Rivera might be ready to turn the page, but many outside the organization will continue to debate why the 6-foot-5, 260-pound Newton – who has never had a problem leaping/somersaulting/flipping into the end zone – was not willing to sprawl out on the turf in the biggest game of his life.
Trent Dilfer, a former NFL quarterback, said it’s a fair question. Dilfer, now an ESPN analyst, said quarterbacks are told not dive into piles for loose balls at practice so as to keep their fingers, thumbs and appendages intact.
“At practice you’re taught to never go after it for all the (injury) reasons you mentioned,” Dilfer said in a phone interview. “And in games you’re expected to go after it no matter what.”
‘No matter what’ proposition
The Super Bowl would seem to be the ultimate “no matter what” proposition for most players.
Witness Panthers linebacker Thomas Davis, who played 60 of a possible 60 defensive snaps with a metal plate and screws in his right forearm two weeks after breaking it. Davis posted a picture on social media after the game of his arm: It was swollen and stitched up like a 1950s-era football.
Dilfer said it was tough to figure out what Newton was thinking, but he’s willing to give him the benefit of the doubt.
“I’m going to take Cam’s word for it,” he said. “It was hard to understand. But it’s a logical explanation considering he’s as tough as they come and that he’s as competitive as they come.”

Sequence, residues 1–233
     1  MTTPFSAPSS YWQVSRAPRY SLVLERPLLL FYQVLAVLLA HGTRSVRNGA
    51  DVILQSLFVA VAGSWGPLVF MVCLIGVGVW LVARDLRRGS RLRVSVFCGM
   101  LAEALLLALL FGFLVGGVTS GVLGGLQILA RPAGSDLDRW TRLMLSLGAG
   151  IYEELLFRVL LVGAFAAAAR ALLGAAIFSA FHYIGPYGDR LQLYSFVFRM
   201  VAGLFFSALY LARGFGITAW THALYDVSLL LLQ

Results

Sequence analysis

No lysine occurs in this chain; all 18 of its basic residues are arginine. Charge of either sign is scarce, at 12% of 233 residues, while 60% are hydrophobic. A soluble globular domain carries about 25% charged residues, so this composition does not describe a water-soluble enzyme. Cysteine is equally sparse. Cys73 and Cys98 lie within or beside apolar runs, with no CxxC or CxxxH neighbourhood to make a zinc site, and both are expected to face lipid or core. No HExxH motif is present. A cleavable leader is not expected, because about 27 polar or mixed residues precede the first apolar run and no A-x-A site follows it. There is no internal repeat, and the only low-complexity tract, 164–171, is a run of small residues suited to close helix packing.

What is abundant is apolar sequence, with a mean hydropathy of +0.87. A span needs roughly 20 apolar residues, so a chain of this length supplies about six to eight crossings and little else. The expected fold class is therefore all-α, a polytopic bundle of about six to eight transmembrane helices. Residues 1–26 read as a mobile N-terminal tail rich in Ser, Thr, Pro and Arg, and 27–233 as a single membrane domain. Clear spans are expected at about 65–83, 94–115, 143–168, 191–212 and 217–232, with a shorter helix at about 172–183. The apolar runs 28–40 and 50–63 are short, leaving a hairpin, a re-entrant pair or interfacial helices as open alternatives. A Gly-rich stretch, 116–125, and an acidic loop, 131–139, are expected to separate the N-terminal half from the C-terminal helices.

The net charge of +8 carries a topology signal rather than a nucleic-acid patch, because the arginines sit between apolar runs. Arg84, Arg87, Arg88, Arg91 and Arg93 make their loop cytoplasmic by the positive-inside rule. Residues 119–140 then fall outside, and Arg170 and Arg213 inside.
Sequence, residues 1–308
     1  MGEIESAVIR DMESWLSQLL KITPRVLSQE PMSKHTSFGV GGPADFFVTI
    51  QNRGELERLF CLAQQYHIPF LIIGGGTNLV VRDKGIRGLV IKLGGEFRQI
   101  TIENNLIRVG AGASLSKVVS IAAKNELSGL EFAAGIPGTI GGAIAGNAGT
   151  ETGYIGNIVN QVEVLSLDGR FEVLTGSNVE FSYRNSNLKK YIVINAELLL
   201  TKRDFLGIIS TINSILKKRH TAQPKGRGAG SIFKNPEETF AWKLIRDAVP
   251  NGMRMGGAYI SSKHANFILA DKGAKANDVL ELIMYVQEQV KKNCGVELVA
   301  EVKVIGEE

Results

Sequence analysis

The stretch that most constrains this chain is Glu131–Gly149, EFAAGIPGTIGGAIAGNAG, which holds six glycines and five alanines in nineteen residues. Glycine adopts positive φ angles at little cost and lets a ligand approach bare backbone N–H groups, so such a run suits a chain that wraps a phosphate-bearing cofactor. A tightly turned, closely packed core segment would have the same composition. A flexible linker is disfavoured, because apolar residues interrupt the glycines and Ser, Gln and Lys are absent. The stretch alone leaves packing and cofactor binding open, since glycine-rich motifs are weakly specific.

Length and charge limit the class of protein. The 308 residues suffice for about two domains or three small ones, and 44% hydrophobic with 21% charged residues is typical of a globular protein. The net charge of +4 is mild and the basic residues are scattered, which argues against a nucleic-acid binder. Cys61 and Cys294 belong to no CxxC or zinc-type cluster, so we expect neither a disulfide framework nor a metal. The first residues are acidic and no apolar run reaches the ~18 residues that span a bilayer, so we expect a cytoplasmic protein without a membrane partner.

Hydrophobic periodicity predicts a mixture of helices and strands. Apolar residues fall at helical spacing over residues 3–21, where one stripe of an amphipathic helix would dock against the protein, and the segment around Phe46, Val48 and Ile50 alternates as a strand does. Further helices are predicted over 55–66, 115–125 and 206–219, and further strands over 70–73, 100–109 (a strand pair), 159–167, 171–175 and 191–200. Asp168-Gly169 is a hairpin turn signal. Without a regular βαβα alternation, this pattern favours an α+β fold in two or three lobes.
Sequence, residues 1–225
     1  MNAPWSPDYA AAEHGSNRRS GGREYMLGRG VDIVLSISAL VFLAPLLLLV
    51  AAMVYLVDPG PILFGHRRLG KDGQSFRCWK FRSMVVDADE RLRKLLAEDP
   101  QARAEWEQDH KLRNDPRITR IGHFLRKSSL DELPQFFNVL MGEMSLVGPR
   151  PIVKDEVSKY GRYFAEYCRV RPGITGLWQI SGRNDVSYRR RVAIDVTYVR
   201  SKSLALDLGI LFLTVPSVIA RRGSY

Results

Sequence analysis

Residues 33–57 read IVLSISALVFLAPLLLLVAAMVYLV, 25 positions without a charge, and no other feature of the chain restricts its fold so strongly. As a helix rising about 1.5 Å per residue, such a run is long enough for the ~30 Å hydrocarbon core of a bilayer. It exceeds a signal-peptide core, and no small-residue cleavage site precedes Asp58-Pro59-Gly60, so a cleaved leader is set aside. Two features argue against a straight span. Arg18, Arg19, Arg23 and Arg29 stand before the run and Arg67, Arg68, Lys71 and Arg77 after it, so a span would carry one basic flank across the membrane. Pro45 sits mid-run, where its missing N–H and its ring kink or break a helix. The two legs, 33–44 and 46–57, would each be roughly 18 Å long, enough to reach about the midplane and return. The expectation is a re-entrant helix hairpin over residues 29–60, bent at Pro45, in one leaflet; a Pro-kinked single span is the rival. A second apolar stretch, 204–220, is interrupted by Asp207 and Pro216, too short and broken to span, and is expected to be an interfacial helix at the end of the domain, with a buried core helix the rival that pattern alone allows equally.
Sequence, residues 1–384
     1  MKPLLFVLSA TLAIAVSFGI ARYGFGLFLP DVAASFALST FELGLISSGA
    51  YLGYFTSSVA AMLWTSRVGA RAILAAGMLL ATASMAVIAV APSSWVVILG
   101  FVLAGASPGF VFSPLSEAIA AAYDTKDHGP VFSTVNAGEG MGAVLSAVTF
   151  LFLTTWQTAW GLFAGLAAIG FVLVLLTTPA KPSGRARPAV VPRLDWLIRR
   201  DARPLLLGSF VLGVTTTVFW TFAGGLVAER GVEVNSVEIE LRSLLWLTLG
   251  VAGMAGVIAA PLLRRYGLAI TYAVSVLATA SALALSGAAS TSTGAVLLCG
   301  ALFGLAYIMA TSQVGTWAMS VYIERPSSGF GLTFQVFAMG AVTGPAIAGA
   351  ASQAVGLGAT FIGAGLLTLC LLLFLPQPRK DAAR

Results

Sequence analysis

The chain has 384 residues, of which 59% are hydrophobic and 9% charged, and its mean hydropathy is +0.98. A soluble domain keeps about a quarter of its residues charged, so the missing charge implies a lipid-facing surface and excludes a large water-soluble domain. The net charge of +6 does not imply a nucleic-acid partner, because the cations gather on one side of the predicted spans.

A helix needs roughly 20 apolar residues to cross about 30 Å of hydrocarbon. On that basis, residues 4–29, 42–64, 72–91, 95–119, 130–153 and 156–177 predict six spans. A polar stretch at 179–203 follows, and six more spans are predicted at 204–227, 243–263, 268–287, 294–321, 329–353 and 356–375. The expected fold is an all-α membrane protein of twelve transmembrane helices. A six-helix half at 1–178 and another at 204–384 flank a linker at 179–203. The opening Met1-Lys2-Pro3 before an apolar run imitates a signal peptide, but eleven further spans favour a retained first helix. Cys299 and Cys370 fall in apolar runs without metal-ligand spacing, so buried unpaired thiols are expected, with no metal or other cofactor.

Bengals quarterback Andy Dalton broke his thumb and was lost for the season while trying to make a tackle following an interception. In a game at Arizona a couple years ago, Newton ran at least 40 yards to walk down then-Cardinals cornerback Antoine Cason after he’d intercepted Newton.
Newton did the same thing against Panthers corner Josh Norman at training camp in August, prompting the infamous fight that could have resulted in one or both players getting hurt.
But Newton wasn’t assessing the injury risks in Spartanburg when he chased after Norman, and he certainly didn’t have time Sunday to weigh the pros and cons of going headlong after the Super Bowl 50-stamped game ball.
“Everybody can say what they would have done at that moment or wouldn’t have done at that moment. It’s split-second. Do we dive on it? Do we not dive on it?” Panthers tight end Ed Dickson said. “I can’t be the judge of it and say he should have or could’ve. We trust his judgment. Was that one play the difference in the game? No, not at all.”
But it’s the play that is most likely to go down as the most-discussed in the Super Bowl’s golden game – fairly or not.
“Look at all the other quarterbacks. Do you see Peyton Manning – you don’t see them diving on the ground with O-linemen and everything like that. It’s throughout the league,” Dickson said.
“I get it. It’s the Super Bowl. You want him to do that and everything like that. But it’s engraved on a lot of quarterbacks’ minds not to dive on the ball. You can’t just change that in a split-second.”